The unemployment rate among people eligible for benefits rose to 2.6 percent in the week ended Nov. 3 from 2.5 percent. Thirty-four states and territories reported an increase in claims, while 19 reported a decrease.
Initial jobless claims reflect weekly firings and tend to fall as job growth -- measured by the monthly non-farm payrolls report -- accelerates.
The payroll report released Nov. 2 wasn’t affected by Sandy. Businesses in the U.S. hired 184,000 workers in October, the most since February, indicating they see enough demand to expand even in the face of the tax increases and spending cuts slated for January unless Congress acts.
Still, changes to headcount show the labor market hasn’t been able to gain traction in 2012. Gains in total payrolls so far this year have averaged 157,000 a month, little changed from the 153,000 average for 2011.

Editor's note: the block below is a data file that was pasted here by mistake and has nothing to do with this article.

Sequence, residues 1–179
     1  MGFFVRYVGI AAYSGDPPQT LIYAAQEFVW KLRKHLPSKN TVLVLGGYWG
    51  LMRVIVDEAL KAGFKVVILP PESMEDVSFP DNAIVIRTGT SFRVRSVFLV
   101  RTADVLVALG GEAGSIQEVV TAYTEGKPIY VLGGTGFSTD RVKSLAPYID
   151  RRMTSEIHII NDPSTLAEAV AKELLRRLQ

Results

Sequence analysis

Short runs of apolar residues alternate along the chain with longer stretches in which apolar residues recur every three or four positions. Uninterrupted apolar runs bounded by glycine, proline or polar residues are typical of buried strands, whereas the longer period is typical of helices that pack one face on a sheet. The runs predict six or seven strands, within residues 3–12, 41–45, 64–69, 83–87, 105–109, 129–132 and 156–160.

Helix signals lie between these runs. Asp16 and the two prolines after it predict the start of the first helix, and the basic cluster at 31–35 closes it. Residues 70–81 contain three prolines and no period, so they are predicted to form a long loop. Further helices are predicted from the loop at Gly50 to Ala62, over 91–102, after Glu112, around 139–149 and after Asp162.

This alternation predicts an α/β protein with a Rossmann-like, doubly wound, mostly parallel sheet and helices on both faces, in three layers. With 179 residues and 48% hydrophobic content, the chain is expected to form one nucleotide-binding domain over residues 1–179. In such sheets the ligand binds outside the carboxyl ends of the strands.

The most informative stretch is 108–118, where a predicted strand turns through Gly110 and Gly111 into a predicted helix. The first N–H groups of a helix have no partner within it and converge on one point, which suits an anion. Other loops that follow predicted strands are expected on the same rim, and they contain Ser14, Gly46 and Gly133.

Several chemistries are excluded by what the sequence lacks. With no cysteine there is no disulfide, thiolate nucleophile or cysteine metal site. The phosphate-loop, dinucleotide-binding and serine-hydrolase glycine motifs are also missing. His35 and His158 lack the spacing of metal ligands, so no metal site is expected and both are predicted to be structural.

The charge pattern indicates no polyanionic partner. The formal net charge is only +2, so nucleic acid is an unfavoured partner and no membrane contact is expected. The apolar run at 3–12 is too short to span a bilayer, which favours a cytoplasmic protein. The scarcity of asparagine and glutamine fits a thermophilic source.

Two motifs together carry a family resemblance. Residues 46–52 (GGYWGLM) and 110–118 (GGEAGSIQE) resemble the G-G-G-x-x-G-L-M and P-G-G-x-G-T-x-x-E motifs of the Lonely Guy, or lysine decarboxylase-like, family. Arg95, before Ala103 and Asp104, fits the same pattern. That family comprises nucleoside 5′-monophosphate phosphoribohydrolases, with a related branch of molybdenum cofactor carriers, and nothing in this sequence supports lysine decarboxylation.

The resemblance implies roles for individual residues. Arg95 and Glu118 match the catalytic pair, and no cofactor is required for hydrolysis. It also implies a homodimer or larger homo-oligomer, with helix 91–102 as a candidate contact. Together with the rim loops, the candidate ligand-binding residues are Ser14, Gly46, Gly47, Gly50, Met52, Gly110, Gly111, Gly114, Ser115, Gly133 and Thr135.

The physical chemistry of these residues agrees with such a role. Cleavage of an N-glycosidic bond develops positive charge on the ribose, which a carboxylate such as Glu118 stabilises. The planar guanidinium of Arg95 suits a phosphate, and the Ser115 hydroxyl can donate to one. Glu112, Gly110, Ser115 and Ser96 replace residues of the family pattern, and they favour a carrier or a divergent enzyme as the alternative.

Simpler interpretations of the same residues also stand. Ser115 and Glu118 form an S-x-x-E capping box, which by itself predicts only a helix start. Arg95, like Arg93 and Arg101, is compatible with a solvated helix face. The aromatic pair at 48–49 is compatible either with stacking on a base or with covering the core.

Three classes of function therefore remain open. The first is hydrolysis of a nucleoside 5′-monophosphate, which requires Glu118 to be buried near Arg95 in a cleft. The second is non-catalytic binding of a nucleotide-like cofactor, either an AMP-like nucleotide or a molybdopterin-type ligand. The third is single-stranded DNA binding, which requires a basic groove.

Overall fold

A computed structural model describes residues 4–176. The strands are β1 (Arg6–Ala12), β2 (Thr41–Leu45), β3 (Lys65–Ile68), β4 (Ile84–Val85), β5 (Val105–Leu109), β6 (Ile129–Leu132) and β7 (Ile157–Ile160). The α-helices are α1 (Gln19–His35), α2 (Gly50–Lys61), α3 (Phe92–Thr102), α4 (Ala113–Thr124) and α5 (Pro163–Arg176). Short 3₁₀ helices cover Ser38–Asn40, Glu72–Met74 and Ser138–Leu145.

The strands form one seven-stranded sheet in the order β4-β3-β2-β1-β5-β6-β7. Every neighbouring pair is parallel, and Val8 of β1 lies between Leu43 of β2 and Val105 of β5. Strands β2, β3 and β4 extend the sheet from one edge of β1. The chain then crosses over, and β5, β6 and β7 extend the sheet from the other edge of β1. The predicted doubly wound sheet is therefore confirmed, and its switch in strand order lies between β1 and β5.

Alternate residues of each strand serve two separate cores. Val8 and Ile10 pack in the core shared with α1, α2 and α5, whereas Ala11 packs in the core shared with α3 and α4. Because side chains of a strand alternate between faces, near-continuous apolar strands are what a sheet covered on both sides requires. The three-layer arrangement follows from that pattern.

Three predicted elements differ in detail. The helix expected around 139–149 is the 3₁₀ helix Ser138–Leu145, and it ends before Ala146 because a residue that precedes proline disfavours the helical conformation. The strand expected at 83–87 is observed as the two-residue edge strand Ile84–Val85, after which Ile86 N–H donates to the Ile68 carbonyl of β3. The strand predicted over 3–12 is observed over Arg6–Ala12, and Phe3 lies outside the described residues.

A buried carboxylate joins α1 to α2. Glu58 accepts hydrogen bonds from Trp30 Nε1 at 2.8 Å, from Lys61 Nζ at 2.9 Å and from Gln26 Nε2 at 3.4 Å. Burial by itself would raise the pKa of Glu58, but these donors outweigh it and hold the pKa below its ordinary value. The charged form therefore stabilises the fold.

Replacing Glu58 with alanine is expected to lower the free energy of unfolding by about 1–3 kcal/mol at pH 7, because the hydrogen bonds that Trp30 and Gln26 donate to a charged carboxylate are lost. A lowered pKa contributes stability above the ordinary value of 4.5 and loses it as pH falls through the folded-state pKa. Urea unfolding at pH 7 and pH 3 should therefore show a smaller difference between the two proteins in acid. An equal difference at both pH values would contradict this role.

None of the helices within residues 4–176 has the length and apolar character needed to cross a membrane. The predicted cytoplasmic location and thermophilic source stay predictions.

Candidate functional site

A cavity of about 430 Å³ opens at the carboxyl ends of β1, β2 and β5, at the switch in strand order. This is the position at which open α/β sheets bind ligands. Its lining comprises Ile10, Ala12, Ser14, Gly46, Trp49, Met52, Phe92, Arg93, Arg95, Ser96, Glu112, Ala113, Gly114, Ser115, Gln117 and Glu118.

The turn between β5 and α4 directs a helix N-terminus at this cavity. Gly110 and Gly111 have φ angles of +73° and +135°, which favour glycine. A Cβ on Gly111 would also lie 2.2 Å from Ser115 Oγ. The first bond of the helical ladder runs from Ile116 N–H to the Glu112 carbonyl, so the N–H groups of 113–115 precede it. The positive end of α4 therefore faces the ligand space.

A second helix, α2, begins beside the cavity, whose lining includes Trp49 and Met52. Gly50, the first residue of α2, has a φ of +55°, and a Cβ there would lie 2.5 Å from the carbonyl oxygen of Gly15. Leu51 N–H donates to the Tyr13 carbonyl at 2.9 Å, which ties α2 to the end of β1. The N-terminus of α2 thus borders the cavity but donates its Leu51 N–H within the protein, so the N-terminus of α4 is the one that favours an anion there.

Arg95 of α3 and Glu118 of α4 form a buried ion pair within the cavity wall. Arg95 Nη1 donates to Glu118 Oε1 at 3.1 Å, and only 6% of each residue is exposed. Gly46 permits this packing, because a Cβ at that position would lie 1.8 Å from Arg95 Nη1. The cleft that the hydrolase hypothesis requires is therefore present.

A separate survey of households showed the jobless rate rose to 7.9 percent from 7.8 percent in September as 578,000 people joined the workforce is search of a job, swamping the 410,000 gain in employment.
Federal Reserve Chairman Ben S. Bernanke and his policy- making colleagues last month had a detailed discussion about whether the central bank should link its policy of holding the main interest rate at zero to numerical measurements of unemployment and inflation, an approach that participants “generally favored” over the current approach of specifying a calendar date through which rates will remain low, minutes of their October meeting released yesterday showed.
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